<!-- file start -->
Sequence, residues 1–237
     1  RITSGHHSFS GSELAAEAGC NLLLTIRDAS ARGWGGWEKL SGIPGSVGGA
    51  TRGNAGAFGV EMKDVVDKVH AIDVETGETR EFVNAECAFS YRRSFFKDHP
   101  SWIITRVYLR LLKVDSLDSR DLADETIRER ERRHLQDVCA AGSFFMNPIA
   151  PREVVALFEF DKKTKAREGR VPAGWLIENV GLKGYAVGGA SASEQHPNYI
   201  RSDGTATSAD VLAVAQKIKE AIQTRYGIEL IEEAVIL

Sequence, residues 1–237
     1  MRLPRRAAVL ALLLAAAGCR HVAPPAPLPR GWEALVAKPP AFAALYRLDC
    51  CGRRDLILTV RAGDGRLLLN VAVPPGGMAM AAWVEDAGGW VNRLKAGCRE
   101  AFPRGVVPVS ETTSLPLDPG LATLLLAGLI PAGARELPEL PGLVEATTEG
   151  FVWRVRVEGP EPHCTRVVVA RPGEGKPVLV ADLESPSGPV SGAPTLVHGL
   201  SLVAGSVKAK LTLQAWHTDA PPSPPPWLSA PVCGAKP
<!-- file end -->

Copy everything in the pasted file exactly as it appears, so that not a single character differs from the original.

Sequence, residues 1–237
     1  RITSGHHSFS GSELAAEAGC NLLLTIRDAS ARGWGGWEKL SGIPGSVGGA
    51  TRGNAGAFGV EMKDVVDKVH AIDVETGETR EFVNAECAFS YRRSFFKDHP
   101  SWIITRVYLR LLKVDSLDSR DLADETIRER ERRHLQDVCA AGSFFMNPIA
   151  PREVVALFEF DKKTKAREGR VPAGWLIENV GLKGYAVGGA SASEQHPNYI
   201  RSDGTATSAD VLAVAQKIKE AIQTRYGIEL IEEAVIL

Sequence, residues 1–237
     1  MRLPRRAAVL ALLLAAAGCR HVAPPAPLPR GWEALVAKPP AFAALYRLDC
    51  CGRRDLILTV RAGDGRLLLN VAVPPGGMAM AAWVEDAGGW VNRLKAGCRE
   101  AFPRGVVPVS ETTSLPLDPG LATLLLAGLI PAGARELPEL PGLVEATTEG
   151  FVWRVRVEGP EPHCTRVVVA RPGEGKPVLV ADLESPSGPV SGAPTLVHGL
   201  SLVAGSVKAK LTLQAWHTDA PPSPPPWLSA PVCGAKP